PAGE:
Skeletal elephant dies in Sri Lanka weeks after parade outcry
An emaciated 70-year-old elephant that caused a social media outcry after being forced to take part in an annual Buddhist pageant in Sri Lanka has died, officials said Wednesday.
The government has ordered an autopsy for Tikiri, a domesticated Asian elephant that died Tuesday night in Kegalle, 80 kilometres (50 miles) east of the capital Colombo, a wildlife department official said.
Elephant expert Jayantha Jayewardene said the jumbo had been ill-treated.
"Tikiri was severely undernourished," Jayewardene told AFP.
"It is a wonder that she lived this long."
The animal was withdrawn from the finale of the annual Temple of the Tooth pageant in Kandy last month after a social media firestorm erupted against parading the feeble animal.
Animal lovers lambasted authorities for forcing the aged beast to parade several kilometres wearing elaborate attire at the hugely popular night festival.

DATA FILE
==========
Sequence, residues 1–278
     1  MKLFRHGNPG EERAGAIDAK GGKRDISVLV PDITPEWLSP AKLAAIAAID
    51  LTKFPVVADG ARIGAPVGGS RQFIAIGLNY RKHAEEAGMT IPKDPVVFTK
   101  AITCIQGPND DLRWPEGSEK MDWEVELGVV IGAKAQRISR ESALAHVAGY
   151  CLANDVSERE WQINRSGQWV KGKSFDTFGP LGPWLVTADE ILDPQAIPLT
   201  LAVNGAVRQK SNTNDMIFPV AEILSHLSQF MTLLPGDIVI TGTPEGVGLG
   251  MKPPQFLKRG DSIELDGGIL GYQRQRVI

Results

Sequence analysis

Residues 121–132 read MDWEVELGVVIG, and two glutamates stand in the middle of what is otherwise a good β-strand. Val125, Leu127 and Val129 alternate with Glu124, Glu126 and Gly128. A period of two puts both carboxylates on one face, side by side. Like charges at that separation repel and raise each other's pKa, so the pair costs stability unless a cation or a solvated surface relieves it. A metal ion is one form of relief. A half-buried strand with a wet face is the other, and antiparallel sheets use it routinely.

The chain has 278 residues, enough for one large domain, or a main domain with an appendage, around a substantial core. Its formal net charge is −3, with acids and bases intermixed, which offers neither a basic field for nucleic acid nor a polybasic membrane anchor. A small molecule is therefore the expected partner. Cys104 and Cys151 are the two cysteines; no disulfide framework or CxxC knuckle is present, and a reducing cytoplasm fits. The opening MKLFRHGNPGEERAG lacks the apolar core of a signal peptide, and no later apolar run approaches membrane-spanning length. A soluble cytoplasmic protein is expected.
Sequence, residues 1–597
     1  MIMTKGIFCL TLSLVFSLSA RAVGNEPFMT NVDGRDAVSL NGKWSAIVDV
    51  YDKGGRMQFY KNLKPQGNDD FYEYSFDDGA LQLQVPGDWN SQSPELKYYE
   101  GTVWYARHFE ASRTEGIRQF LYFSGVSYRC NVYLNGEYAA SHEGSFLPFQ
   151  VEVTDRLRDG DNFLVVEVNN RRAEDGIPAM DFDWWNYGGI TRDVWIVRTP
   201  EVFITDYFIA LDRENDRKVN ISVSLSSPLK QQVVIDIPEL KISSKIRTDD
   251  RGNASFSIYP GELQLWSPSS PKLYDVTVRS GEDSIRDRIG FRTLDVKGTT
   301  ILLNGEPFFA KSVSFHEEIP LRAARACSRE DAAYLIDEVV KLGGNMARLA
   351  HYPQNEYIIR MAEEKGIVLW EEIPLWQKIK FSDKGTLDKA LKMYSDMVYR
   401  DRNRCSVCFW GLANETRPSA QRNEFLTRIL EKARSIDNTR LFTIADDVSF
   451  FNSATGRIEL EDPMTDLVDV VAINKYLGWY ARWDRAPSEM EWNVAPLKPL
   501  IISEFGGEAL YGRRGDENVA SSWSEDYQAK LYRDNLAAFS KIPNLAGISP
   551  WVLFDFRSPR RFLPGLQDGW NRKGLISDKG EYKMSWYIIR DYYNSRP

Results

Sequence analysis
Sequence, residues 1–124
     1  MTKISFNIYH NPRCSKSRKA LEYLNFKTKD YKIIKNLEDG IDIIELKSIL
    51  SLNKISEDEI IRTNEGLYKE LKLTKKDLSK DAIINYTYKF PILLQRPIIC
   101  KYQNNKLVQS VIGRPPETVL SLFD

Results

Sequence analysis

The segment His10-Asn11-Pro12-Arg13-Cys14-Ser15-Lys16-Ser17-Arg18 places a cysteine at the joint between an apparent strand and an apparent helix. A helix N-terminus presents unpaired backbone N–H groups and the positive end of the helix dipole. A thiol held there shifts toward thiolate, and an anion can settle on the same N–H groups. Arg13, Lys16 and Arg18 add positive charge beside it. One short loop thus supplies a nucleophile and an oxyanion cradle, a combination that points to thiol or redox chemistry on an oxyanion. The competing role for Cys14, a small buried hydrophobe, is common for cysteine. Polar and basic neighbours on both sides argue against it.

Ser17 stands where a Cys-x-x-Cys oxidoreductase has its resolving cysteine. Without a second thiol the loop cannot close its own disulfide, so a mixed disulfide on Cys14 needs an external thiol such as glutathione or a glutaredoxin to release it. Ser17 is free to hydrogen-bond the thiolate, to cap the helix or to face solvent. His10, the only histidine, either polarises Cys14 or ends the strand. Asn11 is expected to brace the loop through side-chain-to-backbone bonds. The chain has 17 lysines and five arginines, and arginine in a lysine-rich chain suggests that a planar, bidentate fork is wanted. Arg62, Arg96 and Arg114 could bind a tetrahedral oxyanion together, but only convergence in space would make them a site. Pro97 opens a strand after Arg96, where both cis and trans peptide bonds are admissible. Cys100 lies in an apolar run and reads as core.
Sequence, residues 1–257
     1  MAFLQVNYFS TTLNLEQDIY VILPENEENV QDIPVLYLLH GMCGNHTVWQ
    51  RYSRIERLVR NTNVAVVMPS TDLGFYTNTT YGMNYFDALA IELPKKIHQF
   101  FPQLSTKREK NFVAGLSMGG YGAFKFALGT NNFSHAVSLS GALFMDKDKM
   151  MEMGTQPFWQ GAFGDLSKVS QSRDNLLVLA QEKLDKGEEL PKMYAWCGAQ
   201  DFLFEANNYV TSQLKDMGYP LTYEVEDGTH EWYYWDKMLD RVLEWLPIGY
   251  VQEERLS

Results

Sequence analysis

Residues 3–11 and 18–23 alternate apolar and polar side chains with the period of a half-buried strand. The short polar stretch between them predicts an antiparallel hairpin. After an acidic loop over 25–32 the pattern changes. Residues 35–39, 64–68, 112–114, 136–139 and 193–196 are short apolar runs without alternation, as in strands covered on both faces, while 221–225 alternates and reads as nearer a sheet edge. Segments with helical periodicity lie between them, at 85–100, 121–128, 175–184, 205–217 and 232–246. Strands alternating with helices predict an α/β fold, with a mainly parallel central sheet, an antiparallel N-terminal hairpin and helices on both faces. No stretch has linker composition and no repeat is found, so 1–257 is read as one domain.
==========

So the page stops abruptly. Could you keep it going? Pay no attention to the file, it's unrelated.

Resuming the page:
Lek Chailert, the founder of the Save Elephant Foundation, wrote on social media that spectators did not realise how weak Tikiri was because of her costume.
After the public outcry, Wildlife Minister John Amaratunga ordered an investigation into why Tikiri was made to participate in the annual parade despite her failing health, but the outcome was not made known.
The Temple of the Tooth, Buddhism's holiest shrine on the island, holds the annual festival with traditional drummers and dancers as well as nearly 100 elephants.
Many rich Sri Lankans keep elephants as pets, but there have been numerous complaints of ill-treatment and cruelty.
Guinness World Records says the average age of an Asian elephant is around 60 years, while the oldest on record was Lin Wang, a bull who carried supplies for the Japanese army in what was then Burma during World War II before dying in a Taiwan zoo in 2003 aged 86.
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